In Farley v. Farley, 227 Cal.App.2d 1, 38 Cal.Rptr. 357 (1964), cert. denied, 379 U.S. 945, 13 L.Ed.2d 543, 85 S.Ct. 438 (1964), a California case construing Utah law, the court invalidated a provision in a Utah divorce decree establishing a trust fund for the support of the minor children with the corpus to be distributed when the youngest child attained or would have attained 18 years of age. The court concluded that there was no authority for the proposition that a husband was ultimately required to convey property inter vivos to adult children as part of a divorce decree. Farley v. Farley, 227 Cal.App.2d 1, 7, 38 Cal.Rptr. 357, 362 (1964).
Comparable court decisions of other jurisdictions, while not determinative of issues before an Illinois court, are persuasive authority and entitled to respect. (Cooper v. Hinrichs, 10 Ill.2d 269, 140 N.E.2d 293 (1957); Atwood Vacuum Machine Co. v. Continental Casualty Co., 107 Ill. App.2d 248, 246 N.E.2d 882 (1st Dist. 1969).) In light of the persuasive authority cited above and our analysis of sections 503(d) and 505 of the new Marriage and Dissolution of Marriage Act, we hold that the trust is invalid.
3 Likewise, the E Bonds purchased from marital property for the benefit of the child contain the same infirmities as the trust. We find absolutely no requirement that the bonds are to be used for support of the minor child. Accordingly, the gift to the child from the parties' savings accounts was improper.
The last issue before the court is whether the trial court properly divided the marital property bank accounts between the respective parties. While we are somewhat confused by the trial court's order "[t]hat each party is awarded his or her own bank accounts" because two of the three accounts were jointly held, we need not address the issue here. Upon remand, the trial court must first consider the sufficiency of the child support award in light of the criteria set forth in section 505. If the award is inadequate, the trial court can make an appropriate adjustment. Thereafter the trial court must devise an equitable solution to the distribution of the E Bonds, appellant's interest in the marital home, and other marital property in accordance with the provisions of the Act. It would, therefore, be inappropriate for us to consider the division of the bank accounts, when the trial court must consider the overall situation in dividing "the marital property without regard to marital misconduct in just proportions * * *" (Ill. Rev. Stat. 1977, ch. 40, par. 503(c)), while providing for adequate support of the minor child. By necessity, the other property awards in the dissolution decree, although not challenged on appeal, are not to be insulated from modification if the trial court, in its sound discretion, believes changes would promote a just distribution of the marital property.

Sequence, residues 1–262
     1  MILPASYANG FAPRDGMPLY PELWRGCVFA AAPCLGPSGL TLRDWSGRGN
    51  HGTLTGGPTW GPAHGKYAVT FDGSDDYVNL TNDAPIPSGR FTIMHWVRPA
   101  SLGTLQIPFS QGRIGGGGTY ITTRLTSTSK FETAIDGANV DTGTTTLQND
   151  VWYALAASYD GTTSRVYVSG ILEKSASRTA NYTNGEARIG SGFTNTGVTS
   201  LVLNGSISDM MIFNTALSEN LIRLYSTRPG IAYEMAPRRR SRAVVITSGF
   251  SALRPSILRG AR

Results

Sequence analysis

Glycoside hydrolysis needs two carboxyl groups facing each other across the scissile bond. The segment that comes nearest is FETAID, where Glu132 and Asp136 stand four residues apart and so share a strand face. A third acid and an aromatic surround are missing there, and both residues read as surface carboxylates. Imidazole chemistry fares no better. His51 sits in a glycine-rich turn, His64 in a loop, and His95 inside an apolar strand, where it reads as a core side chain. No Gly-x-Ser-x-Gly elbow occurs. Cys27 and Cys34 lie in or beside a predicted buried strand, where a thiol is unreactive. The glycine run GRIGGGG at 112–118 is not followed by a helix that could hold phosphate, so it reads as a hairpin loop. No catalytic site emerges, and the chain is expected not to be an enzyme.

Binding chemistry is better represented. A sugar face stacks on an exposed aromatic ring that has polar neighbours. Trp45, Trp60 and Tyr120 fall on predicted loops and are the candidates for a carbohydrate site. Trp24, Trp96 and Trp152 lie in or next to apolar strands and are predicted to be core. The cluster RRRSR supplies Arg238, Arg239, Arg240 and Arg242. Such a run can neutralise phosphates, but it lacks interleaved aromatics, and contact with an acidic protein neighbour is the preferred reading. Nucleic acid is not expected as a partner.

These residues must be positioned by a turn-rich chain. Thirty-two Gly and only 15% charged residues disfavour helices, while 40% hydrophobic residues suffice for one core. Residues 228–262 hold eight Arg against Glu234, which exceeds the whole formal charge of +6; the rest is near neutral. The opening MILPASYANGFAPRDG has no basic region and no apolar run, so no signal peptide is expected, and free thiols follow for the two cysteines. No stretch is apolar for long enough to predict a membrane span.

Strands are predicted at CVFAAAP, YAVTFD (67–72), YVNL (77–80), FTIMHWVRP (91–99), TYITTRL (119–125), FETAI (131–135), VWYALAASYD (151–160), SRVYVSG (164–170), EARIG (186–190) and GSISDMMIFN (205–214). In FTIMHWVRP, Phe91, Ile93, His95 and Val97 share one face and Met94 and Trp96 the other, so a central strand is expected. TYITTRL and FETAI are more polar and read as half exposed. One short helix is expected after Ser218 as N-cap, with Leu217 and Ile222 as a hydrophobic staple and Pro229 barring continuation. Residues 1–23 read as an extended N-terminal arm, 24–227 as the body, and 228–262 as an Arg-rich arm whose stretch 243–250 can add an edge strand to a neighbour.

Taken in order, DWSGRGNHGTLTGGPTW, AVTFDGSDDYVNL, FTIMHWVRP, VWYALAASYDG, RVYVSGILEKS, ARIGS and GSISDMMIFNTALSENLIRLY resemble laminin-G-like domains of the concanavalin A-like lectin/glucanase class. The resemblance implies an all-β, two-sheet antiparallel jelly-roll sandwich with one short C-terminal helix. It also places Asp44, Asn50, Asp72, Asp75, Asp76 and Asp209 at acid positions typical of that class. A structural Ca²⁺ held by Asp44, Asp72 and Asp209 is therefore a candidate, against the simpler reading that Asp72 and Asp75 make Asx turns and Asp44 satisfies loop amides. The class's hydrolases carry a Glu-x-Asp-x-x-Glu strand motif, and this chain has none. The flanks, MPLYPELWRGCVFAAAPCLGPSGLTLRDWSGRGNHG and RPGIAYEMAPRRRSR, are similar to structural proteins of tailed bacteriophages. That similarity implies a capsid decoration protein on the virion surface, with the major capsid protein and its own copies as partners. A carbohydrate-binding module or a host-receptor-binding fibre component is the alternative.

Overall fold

The judgment of the Circuit Court of Williamson County is reversed and the cause is remanded for further proceedings consistent with the views expressed in this opinion.
Reversed and remanded.
EBERSPACHER, P.J., and G.J. MORAN, J., concur.